What sets AT&T Park apart from other stadiums in terms of accessibility? “Dispersion and types of seating available,” says an official of the San Francisco Mayor’s Office on Disability.
Inaugurated in 2000 as the home of the San Francisco Giants, AT&T Park is a stunning feature of the San Francisco Bay area. The 12.5-acre ballpark is home to the trademark old-time baseball glove and massive Coca-Cola bottle, as well as accessibility features that, according to stadium, ensure that no fan is left out of the fun.
“Accessible seating options are available throughout the ballpark in all seating categories and view perspectives,” according to the Giants website. According to the Mayor’s Office on Disability, “Wheelchair seating is dispersed in every category, vertically and laterally.”
Indeed, wheelchair-accessible seating is just as available in the premium club seats behind home plate as in the outfield bleachers. The dispersion of wheelchair accessible seating is notable, and ushers are all required to carry a key to remove seats in areas to allow for a wheelchair.
The ADA guidelines do not call for accessibility at the player’s bench level, nor does it call for a rubberized track to provide wheelchair access onto the ball field itself. Yet AT&T Park provides both, as well as 10 family restrooms throughout the stadium, including the club area. Also, for individuals with hearing impairments, the stadium’s Jumbotron™ provides captioning services.
The stadium has accessible parking in all parking lots as well as an accessible shuttle that transports guests before and after park events approximately every 25 minutes, according to an AT&T park agent. However, wheelchair users should note, according to a Paralyzed Veterans of America member, that without the shuttle they may have to traverse a difficult-to-push wooden slatted bridge to get to the stadium.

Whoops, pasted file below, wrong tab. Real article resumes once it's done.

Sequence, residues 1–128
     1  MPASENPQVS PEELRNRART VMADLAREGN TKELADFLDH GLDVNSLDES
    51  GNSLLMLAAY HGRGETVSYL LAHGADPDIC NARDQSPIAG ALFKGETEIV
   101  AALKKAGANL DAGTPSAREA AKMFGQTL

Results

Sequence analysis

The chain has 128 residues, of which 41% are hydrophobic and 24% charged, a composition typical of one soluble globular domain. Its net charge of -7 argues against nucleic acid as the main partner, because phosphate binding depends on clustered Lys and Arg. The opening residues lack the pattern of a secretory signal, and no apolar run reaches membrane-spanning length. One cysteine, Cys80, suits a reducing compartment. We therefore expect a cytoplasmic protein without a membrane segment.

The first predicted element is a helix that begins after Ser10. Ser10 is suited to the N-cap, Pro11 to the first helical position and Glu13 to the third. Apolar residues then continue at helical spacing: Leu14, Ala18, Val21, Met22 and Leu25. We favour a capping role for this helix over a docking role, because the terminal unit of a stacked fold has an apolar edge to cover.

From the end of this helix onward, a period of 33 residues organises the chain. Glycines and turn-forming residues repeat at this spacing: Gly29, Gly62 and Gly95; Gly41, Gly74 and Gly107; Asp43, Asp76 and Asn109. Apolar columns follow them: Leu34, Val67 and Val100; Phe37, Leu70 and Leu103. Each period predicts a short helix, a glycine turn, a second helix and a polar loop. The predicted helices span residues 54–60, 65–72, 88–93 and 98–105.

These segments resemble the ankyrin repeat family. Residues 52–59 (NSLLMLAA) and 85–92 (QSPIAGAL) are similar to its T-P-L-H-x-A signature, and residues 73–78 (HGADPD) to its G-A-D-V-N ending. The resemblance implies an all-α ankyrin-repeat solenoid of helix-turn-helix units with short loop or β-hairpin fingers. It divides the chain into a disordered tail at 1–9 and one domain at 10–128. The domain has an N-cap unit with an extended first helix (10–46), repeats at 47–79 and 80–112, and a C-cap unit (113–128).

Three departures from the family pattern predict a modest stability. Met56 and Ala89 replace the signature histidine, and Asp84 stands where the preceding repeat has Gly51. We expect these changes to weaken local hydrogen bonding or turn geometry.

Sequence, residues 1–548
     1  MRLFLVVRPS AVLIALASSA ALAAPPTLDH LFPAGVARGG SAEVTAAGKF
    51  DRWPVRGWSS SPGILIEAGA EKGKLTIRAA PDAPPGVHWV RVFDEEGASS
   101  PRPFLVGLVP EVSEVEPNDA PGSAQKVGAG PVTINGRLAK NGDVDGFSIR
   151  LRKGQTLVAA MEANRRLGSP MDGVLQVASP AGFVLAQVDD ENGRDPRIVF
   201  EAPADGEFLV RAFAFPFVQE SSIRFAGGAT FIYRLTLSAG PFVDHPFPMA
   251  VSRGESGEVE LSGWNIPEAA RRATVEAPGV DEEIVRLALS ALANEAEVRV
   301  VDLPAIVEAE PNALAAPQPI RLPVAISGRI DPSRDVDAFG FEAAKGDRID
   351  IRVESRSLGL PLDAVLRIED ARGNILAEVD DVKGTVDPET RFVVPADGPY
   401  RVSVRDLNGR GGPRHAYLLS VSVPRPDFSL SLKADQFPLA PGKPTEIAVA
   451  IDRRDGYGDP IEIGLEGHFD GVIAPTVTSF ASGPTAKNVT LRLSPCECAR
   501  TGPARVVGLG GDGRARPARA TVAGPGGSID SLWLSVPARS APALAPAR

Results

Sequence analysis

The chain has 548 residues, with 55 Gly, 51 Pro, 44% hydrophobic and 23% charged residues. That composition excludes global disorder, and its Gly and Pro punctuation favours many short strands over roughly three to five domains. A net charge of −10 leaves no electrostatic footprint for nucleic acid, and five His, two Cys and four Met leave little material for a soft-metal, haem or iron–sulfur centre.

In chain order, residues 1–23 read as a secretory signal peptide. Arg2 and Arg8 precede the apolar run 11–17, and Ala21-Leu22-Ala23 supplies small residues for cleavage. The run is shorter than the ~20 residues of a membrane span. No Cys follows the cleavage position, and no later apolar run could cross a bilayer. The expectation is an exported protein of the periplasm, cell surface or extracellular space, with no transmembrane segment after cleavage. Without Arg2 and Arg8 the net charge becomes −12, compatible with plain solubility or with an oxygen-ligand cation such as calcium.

AT&T Park was built in accordance with the California Building Code and ADA standards. The stadium has sought to ensure optimal accessibility and has exceeded ADA requirements, according to the Mayor’s Office on Disability, as a result of coordination between the Giants, the city and county of San Francisco, a redevelopment agency, and HOK Sport (now renamed Populous), the architectural firm.
According to the same official, the city was involved in all the stadium planning. An ADA coordinator was appointed a member of the city’s Recreation Advisory Board, which developed an advisory report on the stadium. The city’s ADA coordinators were involved in a peer review process, providing “quality assurance and quality control.”
The city remains involved in ensuring optimal functionality of the stadium’s accessibility features: the Mayor’s Office on Disability responds to incidents of lacking accessibility.
Though the stadium features four elevators that provide access to all levels, they are nearest to the Willie Mays, 2nd Street and Marina gates. Individuals with disabilities needing convenient elevator access would be advised to enter the stadium through these three entrances to avoid longer distances to elevator access.
The stadium’s variety of accessible seating is best observed at the Giants’ website through the 3-D seating chart. The simulator draws attention to the wheelchair-accessible seating areas and simulates the view from the various sections in the stadium.
The thorough implementation of accessibility standards at AT&T Park ensures that all spectators may enjoy a ballgame: no Giants fan can be denied the opportunity of watching a home run powered into the San Francisco Bay—splash!
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Jeremy Diamond is an International Relations & Political Science double-major at The George Washington University.